Wireless carriers have a lot of information about its subscribers, including data pertaining to customer location. Wireless carriers have been selling that data for years, but it looks like U.S. operators are now changing their practices a bit.
First up, Verizon Wireless confirmed in a letter to Senator Ron Wyden (D-OR) that it would be cutting off location data from third-party brokers, including institutions it has worked with for quite some time, including Zumigo and LocationSmart. The two brokers were able to use that data and sell it off to over 75 different companies.
Verizon says it will be axing those partnership deals with the brokers as soon as possible. AT&T has come forward and said the same thing, adding that it will do so “as soon as practical”with no specific date of termination on the books at the time of publication.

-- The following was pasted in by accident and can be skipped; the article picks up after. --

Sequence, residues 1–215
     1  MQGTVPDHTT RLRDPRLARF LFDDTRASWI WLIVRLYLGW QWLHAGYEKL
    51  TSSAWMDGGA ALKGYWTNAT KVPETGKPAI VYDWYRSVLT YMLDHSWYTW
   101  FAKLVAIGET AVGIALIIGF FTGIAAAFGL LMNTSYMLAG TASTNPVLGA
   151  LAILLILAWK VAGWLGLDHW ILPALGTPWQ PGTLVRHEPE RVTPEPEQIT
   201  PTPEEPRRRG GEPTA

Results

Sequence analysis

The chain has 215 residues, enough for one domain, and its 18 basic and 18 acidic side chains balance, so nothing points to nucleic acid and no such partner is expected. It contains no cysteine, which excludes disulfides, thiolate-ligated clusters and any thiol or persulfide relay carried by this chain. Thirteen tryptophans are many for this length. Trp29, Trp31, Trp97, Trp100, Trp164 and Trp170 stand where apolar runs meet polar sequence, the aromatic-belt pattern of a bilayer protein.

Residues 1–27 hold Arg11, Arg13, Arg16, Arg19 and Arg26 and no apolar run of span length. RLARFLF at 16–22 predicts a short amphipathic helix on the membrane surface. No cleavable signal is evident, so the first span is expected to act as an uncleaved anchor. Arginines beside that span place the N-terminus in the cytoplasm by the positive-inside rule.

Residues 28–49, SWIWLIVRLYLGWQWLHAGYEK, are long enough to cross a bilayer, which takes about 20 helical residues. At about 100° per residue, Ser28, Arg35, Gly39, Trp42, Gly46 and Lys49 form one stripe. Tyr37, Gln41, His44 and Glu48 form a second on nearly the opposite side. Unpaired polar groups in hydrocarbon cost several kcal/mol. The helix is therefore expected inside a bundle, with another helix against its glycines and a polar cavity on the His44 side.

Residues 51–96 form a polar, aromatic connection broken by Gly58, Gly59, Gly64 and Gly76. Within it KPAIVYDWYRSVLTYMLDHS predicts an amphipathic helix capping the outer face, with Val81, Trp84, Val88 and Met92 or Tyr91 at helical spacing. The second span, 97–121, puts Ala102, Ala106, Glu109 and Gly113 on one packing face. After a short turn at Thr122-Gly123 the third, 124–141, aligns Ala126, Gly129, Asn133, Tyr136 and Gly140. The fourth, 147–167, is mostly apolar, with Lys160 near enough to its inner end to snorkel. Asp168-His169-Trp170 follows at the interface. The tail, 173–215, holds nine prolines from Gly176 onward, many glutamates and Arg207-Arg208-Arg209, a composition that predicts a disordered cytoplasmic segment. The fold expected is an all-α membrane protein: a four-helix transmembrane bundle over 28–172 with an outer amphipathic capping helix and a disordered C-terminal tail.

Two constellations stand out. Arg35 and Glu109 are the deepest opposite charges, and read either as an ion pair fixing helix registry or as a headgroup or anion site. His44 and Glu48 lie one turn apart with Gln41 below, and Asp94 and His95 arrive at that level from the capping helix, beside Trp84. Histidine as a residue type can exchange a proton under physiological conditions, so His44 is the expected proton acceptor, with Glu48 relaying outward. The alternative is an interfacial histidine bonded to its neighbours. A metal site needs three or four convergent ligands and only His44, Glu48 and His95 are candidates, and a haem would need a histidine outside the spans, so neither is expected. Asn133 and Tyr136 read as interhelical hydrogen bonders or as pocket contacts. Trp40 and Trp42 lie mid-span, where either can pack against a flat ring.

Sprint, in a statement to The Verge, confirmed that it would be ending the sale of subscriber location data as well. Specifically, the network said it “is beginning the process of terminating its current contracts with data aggregators to whom we provide location data.”
Location data sales aren’t going away completely, though. The carriers aren’t opting out of completely ending the sale of customer location data, but it sounds like they are trimming the fat, at least.